Kirk Hopper Fine Art


Who%26rsquo;s Curating: Owner/director Kirk Hopper.
What%26rsquo;s inside the White Cube: Maverick gallerist Kirk Hopper has done it again, stepping away from the established to carve out independent territory. Weeks ago, he completed his move from his previous Design District digs, which also involved rebranding. Gone is HCG Gallery; in its place is Kirk Hopper Fine Art, and a new home %26mdash; a sleek, 2,000-square-foot space in a renovated Deep Ellum warehouse. (Hopper served as designer and contractor.) The new gallery has soaring industrial ceilings and an open concept for displaying ambitious offerings such as the monumental sculpture of Texan Mac Whitney, whose bold metal abstractions inaugurate the space. Hopper has been buying and selling art%26nbsp; for two decades; works from his acclaimed collection of American modernism will be on view in upcoming exhibitions at the Amon Carter Museum and The Menil Collection. He%26rsquo;s always been an artist%26rsquo;s dealer, known for searching out up-and-comers (such as graffiti artist Carlos Donjuan, new-generation Baroque painter Alex Diaz and Rosane Volchan O%26rsquo;Conor; watch for her show opening April 23) and old-school talents (Texas masters Jesse Lott, set for a solo this summer, and the internationally exhibited, Rome Prize%26shy;%26ndash;winning Bert Long Jr.). %26ldquo;Bert Long had a lot to do with me wanting to open a high-caliber gallery that could show his work,%26rdquo; Hopper says. Above all, this new Deep Ellum art destination promises a welcome window on diversity, as well as a bridge to underrepresented but major Texas players. As such, it%26rsquo;s one of the most exciting galleries to open in Dallas in years. 3008 Commerce St., 214.760.9230; kirkhopperfineart.com.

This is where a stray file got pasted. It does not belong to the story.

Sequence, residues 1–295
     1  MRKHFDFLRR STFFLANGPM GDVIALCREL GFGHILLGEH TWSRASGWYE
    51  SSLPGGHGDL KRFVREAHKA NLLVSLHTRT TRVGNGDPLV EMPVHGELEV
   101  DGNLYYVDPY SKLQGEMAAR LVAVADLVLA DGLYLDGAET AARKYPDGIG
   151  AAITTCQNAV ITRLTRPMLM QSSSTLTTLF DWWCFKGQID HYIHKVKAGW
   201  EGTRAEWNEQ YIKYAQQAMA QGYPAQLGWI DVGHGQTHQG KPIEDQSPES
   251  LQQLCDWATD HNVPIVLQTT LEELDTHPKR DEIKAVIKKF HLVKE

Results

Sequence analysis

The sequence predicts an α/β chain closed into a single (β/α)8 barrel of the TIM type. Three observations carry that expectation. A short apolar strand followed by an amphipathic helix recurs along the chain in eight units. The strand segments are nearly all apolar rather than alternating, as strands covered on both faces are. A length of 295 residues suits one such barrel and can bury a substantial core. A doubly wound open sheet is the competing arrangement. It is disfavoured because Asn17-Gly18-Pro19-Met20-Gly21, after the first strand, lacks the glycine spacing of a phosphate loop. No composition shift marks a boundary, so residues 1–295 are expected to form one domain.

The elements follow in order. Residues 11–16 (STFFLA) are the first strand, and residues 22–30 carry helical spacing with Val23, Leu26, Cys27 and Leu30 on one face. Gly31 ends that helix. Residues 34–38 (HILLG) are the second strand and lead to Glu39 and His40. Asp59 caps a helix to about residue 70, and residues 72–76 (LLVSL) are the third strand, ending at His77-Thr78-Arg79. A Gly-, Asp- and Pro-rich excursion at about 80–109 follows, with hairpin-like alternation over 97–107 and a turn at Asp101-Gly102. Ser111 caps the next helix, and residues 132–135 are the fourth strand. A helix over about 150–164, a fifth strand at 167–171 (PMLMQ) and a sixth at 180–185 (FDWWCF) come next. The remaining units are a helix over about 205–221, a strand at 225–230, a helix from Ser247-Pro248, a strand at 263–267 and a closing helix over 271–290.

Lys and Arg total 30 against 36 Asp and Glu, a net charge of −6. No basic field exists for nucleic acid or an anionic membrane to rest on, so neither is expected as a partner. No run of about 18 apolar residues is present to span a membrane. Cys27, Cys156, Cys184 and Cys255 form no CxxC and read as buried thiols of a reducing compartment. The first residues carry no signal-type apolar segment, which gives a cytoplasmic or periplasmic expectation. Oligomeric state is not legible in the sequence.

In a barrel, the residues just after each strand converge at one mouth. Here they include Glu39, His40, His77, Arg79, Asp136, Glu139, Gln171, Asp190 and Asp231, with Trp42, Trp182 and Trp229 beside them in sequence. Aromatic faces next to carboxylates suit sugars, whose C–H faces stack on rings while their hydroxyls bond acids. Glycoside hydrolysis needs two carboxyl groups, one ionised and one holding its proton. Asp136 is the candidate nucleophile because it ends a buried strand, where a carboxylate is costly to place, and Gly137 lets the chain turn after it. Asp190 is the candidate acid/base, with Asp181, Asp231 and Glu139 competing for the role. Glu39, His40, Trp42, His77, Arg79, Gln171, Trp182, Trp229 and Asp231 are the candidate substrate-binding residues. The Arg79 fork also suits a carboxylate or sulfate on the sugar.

Image: Mac Whitney%26rsquo;s Berino, 2006, at Kirk Hopper Fine Art. Photo courtesy Kirk Hopper Fine Art.

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